I own a Rocking Horse made by Today’s Kids. This was a hand me down to my kid from an older cousin, so it is about 7 years old. The rubber bands that allow it to rock were in pretty bad shape, and one of them broke while my child was riding it.
The manufacturer is out of business and replacement rubber bands cannot be found.
This instructable will demonstrate how I made replacement bands out of bungee material.
DISCLAIMER: This instructable just documents what I did. I do not recommend anyone do this. Please don’t do this yourself and especially do not allow a child to use a rocking horse or zebra that has been modified. These bands have not been tested for safety or performance by the manufacturer or anyone who knows what they’re doing. I cannot be held responsible for any injuries or deaths that result from someone attempting to perform the steps outlined here.
While I have tested the outcome personally (I weigh 200 lbs) and my child has ridden the horse without failure, I am not a toy manufacturer and therefore do not recommend anyone do the same. I did this solely for decorative purposes only, so that the horse looks presentable. I do not allow or recommend anyone ride the horse.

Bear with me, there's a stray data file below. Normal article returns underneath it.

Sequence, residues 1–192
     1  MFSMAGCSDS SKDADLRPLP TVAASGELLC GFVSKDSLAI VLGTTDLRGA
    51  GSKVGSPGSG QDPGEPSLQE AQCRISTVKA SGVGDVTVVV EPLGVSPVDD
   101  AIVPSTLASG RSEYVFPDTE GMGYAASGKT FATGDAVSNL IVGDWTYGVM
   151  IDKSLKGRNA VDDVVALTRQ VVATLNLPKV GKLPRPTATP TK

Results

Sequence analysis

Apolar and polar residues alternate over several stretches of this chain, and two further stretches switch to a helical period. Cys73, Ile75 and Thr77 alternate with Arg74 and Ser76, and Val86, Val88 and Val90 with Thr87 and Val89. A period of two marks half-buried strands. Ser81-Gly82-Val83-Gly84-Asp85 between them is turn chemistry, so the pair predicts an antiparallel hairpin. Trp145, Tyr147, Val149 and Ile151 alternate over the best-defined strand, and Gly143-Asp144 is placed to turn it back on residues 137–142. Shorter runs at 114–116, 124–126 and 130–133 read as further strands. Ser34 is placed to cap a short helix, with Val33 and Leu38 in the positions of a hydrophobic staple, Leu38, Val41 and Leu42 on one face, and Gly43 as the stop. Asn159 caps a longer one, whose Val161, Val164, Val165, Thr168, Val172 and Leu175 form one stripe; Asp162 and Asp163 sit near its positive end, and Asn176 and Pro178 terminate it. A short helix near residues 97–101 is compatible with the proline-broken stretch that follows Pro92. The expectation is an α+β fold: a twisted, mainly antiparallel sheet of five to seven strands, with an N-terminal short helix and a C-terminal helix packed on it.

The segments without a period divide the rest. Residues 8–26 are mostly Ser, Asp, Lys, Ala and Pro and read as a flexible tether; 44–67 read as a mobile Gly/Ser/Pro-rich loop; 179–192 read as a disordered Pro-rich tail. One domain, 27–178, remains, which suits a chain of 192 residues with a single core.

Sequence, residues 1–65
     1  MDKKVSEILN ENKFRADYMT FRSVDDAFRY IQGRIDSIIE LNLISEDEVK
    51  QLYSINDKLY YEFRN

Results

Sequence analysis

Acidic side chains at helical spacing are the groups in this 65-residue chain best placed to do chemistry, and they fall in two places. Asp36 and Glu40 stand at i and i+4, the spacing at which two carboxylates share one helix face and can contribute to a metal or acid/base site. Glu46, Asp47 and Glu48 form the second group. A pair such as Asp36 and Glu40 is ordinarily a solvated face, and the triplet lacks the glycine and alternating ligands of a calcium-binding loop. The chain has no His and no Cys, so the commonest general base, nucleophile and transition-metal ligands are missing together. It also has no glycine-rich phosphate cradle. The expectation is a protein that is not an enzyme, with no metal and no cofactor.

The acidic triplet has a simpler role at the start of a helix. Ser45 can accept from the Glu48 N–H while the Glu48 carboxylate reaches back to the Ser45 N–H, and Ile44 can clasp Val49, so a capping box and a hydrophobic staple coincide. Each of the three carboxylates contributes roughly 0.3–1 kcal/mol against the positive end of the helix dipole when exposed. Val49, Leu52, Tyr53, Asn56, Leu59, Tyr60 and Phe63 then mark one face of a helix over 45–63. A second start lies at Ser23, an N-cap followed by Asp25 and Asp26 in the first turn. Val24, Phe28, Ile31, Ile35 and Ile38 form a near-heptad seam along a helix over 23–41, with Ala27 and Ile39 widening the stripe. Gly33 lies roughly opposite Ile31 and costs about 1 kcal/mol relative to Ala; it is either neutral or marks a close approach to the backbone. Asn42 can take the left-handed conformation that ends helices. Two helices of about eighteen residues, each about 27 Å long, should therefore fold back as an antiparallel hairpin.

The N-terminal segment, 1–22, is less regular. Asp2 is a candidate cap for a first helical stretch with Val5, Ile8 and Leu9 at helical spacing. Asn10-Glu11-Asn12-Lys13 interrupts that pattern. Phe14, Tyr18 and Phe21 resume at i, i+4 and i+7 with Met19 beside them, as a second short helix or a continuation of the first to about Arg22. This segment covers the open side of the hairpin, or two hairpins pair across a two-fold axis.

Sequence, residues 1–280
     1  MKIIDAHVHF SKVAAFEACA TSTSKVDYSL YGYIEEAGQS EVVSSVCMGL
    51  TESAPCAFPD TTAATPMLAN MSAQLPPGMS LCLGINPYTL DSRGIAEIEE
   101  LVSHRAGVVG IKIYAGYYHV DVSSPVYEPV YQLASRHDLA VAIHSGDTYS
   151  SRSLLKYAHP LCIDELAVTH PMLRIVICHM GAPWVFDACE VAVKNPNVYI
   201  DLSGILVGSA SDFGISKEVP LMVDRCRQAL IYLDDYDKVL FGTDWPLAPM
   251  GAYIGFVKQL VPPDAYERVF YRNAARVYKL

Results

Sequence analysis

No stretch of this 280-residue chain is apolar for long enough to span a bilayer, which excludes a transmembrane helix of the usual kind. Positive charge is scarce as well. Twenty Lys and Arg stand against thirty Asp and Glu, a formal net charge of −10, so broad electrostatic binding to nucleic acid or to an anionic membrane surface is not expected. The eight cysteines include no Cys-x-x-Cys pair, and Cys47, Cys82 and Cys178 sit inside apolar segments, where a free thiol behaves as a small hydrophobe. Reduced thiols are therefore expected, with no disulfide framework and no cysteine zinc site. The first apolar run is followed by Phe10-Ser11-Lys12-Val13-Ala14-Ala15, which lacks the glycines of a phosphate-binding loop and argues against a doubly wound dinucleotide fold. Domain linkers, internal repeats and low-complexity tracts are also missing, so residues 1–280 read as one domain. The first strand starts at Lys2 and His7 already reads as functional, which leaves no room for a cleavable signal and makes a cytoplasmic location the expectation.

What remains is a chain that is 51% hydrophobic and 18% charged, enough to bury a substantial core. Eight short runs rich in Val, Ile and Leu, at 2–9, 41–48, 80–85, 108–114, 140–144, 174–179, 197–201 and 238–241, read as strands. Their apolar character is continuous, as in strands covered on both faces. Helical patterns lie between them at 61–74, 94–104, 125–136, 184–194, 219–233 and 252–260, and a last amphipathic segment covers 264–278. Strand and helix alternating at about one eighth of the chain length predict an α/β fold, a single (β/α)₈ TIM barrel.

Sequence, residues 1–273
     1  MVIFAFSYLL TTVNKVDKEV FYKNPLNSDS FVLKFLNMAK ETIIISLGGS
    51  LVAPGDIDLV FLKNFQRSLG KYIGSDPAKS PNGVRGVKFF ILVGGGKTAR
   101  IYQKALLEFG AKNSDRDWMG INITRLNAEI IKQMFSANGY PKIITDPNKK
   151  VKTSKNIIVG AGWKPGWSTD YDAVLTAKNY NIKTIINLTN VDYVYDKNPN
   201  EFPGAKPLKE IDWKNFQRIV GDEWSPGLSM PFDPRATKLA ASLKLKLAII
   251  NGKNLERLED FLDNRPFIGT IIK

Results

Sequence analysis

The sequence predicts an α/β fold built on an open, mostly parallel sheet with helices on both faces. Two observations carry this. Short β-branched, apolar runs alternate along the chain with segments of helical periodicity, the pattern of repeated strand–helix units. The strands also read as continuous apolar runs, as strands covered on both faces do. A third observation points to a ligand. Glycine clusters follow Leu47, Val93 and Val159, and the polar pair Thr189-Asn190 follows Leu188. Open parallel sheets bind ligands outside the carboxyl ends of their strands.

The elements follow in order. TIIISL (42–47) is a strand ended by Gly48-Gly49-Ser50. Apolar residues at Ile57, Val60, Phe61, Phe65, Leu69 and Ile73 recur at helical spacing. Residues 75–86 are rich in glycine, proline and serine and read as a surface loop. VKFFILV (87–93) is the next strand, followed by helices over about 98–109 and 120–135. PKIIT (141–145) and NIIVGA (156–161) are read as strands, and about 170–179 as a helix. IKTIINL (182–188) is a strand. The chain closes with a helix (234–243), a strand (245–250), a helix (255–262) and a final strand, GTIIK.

Step 1: Materials
Heavy Duty 32” Bungee Cord
- My hardware store sells this by the foot, but they were out of stock so I just took a pre-made one apart.
- Hog Rings (2)
Total Cost: @$4.00 per band
Step 2: Take Apart Bungee Cord
If I had bought bare cord, I would not have needed to perform this step.
I needed bare bungee cord, so I had to remove the metal hooks and metal rings that held the cord together.
I slid the metal hooks down to expose the metal rings that hold the cord together. I broke the rings by squeezing it in vice back and forth until it broke. The hooks can then be removed easily.
Step 3: Loop and Secure
I made a loop at the end of the cord using the last 5” of cord. Then I secured it using the hog ring. I had to squeeze the cord with pliers so that the ring would slide over it. Then, I closed the ring with pliers. Repeat on the other end.
Step 4: Remove the Old Rubber Band
I removed the yellow end pieces from each foot peg (there are screws holding them in place). Then, the rubber band easily slid off the peg.
After the band is removed, the end piece is put back in place and screwed back in to the peg.
Step 5: Attach the Bungee Cord
I stretched the loop of one end of my custom cord over the yellow end piece on the horse side. Then I looped the cord over the opposite peg, came back and looped around the horse side again, and finally stretched the loop of the other end of the cord over the yellow peg on the frame.
Step 6: Repeat As Needed
Originally, I only wanted to replace 1 broken band. But in testing my repair, I put as much weight on the horse as I could to see if it would fail. I wound up breaking another of the original rubber bands. So, I replaced all the bands with bungee.